If you want to go directly to the Vietnamese Iced Coffee Recipe, click here.
It was another warm, humid summer night in Đà Nang, and I was cruising on the back of a scooter behind Quang, one of Diane’s cousins. He’s the cousin I consider the cool, savvy intellectual. He turned his head and asked, “So, do you like beer?” I don’t think there was a moment the whole time we were in Việt-nam when a beer didn’t sound good, but I knew Quang was asking more than a simple question. It had the depth of the lyrics Louis Armstrong so beautifully sang…”I see friends shaking hands, sayin’ ‘How do you do.” They really sayin’, “I love you.'”
I answered, “I like coffee.” He turned his head a little more to catch my eye, smiled, and replied, “Me too.”
Enjoying Cà Phê Sữa Đá & Chinese checkers (Cờ tướng) in Đà Nang, Việt-Nam
One of my biggest concerns going to Việt-nam was whether or not to brave the street ice and have a cà phê sữa đá (Việtnamese iced coffee.) The first few days in Hanọi, it was only cà phê sữa nóng (Việtnamese hot coffee) we dared drink. That was hardly a sacrifice since they are one of our preferred morning coffees, outside of a perfectly, velvety cappuccino. But for afternoons, all I could do was to gaze longingly at the refreshing Vietnamese iced coffees, and weigh the odds of proper digestion. By day three, I could wait no longer. By now we had braved cooked foods straight off of the street, ate a couple small bowls of phở out of a locals-only place, and had consumed iced water at the hotel. With no signs of ill effects, we were feeling confident. Besides, we hoped, the acidity of the Vietnamese iced coffee should help deal with any issues that may arise.
Việt-Nam nights come alive
We hit the streets that night, prowling for answers to our cravings. Diane had been salivating over the street corn vendors goods every time we saw her. We sought her out and ordered up some sauteed corn with chili and dried shrimp. It felt like a drug transaction as we slipped her the money while the police were prowling just across the street. We scampered away with our goods, and hunted down a non-touristy cafe to grab a table and order up “hai ly cà phê sữa đá” (2 vietnamese iced coffee!). With cravings in hand, we settled into the warm sauna of Hanọi’s night air and watched the night scene unfold before us. We looked at each other and smiled, “We’re in Việt-nam!”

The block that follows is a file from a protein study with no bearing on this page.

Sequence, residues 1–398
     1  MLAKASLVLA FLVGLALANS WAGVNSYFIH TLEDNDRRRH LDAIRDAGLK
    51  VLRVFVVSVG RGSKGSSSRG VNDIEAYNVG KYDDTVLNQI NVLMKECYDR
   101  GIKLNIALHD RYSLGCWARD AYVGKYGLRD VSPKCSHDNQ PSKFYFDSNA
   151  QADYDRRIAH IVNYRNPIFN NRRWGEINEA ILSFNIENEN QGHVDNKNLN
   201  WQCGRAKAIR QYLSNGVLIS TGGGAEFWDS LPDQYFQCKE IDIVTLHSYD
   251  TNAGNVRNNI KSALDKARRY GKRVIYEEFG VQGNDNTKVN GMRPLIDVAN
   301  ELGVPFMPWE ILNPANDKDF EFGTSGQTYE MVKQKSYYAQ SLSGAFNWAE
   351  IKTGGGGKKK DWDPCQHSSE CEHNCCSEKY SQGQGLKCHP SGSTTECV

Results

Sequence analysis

Slow brew in the Vietnamese coffee filter in Đà Nang, Việt-Nam
For those un-initiated to Việtnamese coffees, here’s a brief summary of the more popular offerings:
Cà Phê Sữa Đá (literally – Coffee Milk Ice) A base of sweetened condensed milk, over which about 2 oz of potent coffee is brewed using a individual serving size filter. The coffee itself is syrupy and strong, similar to an espresso. Add ice and enjoy. The combination of the caramel sweetness of the milk, the potent brew of the coffee, and the cool refreshing addition of the ice is heavenly.
Cà Phê Sữa Nóng (Coffee Milk Hot) Same concept as above, except omit the ice and in Việtnam they often warm the whole glass in a cup of hot water. Again, the taste is heavenly, especially when enjoyed over a casual morning taken in small sips at a time.
Cà Phê Đen (Coffee Black) Just the coffee this time, no sweetened condensed milk. Not for the weak.
Cà Phê Đen Đá (Coffee Black Ice) I think you can figure this one out.
Stir coffee & condensed milk
Cà Phê Sữa Đá- pour over ice. At many street side coffee stalls that we visited, our Cà Phê Sữa Nóng (hot Việt coffee) was served in a hot water bath.
Click Here for our Vietnamese Iced Coffee Recipe.
Make Vietnamese Iced Coffee Traditional Style:
We tend to be a bit obsessive over coffee. Here’s some of our favorites for traditional Vietnamese Iced Coffee:
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